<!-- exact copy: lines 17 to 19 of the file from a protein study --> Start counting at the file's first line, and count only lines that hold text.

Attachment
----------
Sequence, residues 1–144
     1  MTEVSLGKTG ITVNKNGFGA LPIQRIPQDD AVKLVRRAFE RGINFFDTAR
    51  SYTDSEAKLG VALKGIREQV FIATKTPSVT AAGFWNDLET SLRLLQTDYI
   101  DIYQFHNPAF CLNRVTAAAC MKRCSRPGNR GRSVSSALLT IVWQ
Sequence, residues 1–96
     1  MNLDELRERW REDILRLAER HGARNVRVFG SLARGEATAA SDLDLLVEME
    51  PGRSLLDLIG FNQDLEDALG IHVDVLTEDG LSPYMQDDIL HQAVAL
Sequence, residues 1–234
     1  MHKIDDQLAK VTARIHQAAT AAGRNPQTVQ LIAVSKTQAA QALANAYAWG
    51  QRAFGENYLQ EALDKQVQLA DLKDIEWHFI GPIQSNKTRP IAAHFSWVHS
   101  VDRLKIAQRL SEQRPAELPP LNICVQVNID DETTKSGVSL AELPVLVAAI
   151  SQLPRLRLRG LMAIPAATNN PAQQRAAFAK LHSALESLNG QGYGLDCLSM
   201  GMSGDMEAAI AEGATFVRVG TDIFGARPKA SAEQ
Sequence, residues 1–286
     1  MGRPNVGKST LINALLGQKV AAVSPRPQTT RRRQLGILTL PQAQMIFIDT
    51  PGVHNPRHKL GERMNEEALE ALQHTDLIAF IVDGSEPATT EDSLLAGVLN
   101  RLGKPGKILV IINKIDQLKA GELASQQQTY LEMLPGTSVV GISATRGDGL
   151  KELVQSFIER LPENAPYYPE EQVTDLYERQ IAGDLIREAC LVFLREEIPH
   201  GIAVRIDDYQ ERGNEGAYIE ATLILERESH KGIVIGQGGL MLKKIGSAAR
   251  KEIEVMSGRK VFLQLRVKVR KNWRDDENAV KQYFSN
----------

   101  RLGKPGKILV IINKIDQLKA GELASQQQTY LEMLPGTSVV GISATRGDGL
   151  KELVQSFIER LPENAPYYPE EQVTDLYERQ IAGDLIREAC LVFLREEIPH
   201  GIAVRIDDYQ ERGNEGAYIE ATLILERESH KGIVIGQGGL MLKKIGSAAR